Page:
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For the last couple of years my group’s been playing two high-tempo D&D 3.5 campaigns (I’m the DM in one of them). The PCs, their families, their homelands and their worlds have been constantly threatened, traveling has been difficult (with visits to other planes, other side of the world or direct restrictions on teleportation). Any kind of research, crafting, downtime activities have been almost impossible.

We’ve had fun and we liked it.

However, for my new campaign (Pathfinder) I plan to take it more slowly. It’s still going to be a long story arc campaign (with some rail-roading, because we like it) and eventually events will accelerate, but at first the imminent end of the world will be in the players’ heads, not characters’.

This issue has nothing to do with typical problems of late-night shopping, boringness of travel or downtime.

I fear that any clue I throw will be examined so thoroughly and so fast, there will be no time for other events to unfold. And if I tell the players “nothing happens for a week”, they might not take it well. Meanwhile, in a typical medieval setting (even with magic), a week is not a long time.

I will talk to my players, sure, but I’m looking for some techniques to remind them in-game that the world is not ending tomorrow, so that they can devote a few weeks to crafting items, that gathering information for a few days is OK and that a month long travel will not destroy their chances.

At first, the campaign will feature a series of mundane adventures, that will include some degree of mystery, hinting for things to come. I’d prefer the players to think “Oh, that’s curious, let’s see what will come out of it” and not “Let’s split up, you go to the library, I will visit the Wizard, you cast Commune and you stay here and watch everyone”.

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Actually, I happen to be in a similar situation as you. My group has played games that vary in pace from Shadowrun games where we spend three real time weeks (one session per week) planning for a single run, to Pathfinder games where we clear a new dungeon every session.

Right now, we're playing a D&D 5e game set in a Dying Earth styled setting in which the world is probably going to end soon. We're all very close friends, so I think I can accurately represent some techniques the GM is doing:

Mention a prophecy. It doesn't have to have many details, or even be completely accurate, but giving the players some idea of what the end of the world is going to actually look like helps. That way, they'll know the world isn't about to end yet since they haven't seen the events of that prophecy unfold. Include several different omens, although not every omen has to be apparent right from the get-go. You might show an unexplained omen, and later have an NPC explain it to the PCs if you want the opposite effect ("oh crap the world is ending sooner than we thought").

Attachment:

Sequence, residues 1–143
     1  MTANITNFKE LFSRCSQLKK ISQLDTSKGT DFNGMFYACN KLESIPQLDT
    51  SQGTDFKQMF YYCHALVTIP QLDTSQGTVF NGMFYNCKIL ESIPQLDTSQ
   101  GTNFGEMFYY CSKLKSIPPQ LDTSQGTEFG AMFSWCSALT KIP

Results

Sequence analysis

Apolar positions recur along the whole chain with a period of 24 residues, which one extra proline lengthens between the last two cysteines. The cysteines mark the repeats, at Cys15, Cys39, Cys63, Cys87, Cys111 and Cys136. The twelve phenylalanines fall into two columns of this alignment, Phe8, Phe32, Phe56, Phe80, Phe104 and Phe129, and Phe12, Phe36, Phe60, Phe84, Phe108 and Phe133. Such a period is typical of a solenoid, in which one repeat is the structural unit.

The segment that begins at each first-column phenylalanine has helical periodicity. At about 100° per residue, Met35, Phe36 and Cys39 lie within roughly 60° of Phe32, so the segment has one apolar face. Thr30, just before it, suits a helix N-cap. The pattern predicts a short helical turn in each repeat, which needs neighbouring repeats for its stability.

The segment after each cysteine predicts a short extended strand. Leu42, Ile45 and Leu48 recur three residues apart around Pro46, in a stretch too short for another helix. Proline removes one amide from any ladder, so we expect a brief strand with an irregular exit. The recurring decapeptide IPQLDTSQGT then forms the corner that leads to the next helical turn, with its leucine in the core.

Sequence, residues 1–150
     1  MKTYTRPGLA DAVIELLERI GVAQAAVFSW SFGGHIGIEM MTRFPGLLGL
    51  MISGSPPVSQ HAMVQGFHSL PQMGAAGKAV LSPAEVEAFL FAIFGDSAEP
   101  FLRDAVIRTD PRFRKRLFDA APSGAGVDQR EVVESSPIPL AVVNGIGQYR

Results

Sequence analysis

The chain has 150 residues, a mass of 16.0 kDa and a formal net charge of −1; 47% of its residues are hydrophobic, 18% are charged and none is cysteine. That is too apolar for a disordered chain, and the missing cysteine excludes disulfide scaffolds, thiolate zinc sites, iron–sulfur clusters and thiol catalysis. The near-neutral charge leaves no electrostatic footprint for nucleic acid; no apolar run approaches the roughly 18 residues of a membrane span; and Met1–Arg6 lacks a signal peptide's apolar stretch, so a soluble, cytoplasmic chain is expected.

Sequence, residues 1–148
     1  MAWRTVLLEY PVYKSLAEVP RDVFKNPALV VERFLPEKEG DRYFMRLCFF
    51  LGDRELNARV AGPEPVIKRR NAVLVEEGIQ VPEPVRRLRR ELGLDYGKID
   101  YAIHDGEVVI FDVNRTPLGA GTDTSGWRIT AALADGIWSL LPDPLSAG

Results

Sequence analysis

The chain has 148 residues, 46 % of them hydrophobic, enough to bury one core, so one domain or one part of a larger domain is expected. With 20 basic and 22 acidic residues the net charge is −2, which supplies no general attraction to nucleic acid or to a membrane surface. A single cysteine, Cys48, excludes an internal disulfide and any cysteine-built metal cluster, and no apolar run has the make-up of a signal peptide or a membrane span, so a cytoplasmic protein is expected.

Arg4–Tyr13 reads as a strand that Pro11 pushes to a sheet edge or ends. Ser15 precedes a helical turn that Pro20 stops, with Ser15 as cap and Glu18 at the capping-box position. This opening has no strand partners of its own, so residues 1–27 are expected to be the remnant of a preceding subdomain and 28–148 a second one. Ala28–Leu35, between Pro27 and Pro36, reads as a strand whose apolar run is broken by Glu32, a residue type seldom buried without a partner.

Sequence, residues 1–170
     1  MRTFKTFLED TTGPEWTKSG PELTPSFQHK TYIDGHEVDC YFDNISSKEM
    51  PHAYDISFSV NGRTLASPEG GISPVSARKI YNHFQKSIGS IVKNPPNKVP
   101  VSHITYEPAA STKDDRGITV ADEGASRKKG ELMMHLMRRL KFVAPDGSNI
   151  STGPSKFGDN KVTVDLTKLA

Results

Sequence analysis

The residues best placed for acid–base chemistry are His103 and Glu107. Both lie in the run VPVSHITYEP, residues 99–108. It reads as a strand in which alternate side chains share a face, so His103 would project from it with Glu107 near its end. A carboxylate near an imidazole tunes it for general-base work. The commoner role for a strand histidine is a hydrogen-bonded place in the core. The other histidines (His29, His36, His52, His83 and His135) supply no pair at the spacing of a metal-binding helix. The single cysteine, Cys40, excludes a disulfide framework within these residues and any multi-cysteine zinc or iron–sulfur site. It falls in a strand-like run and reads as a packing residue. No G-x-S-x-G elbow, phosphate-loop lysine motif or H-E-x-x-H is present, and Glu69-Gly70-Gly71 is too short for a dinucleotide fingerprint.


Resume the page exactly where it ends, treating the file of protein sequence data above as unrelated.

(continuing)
Have NPCs prepare in a meaningful way. The players can use NPCs more well-versed in the aforementioned prophecy to gauge how close the end of the world is. In our particular example, the queen of a city-state has decreed that the citizens are to build a citadel on a particular hilltop to prepare for the end, since that's mentioned in the prophecy. The players can get a very rough idea of how close the world is to ending by knowing whether the citadel has been constructed or not; that is, the fact that an expert on the prophecy hasn't hidden away yet should mean it's still safe.

You can also take a more direct approach. If you notice that the players are getting too anxious, you can introduce a sagely NPC that feeds them more information about the prophecy, proving to them that it's not going to happen yet. In our case, we found a hermit in a myserious lighthouse in the desert, filled with clockwerk mechanisms. Turns out that this hermit has lived for perhaps hundreds of years, maintaining the beacon, and it also turns out that he's looking for a successor, because the beacon drives away aliens bent on destroying our civilization. They believe that as long as the beacon is lit, an ancient empire capable of defeating them still stands. So, in this case, the players can reasonably be assured that they're safe as long as nothing happens to the beacon.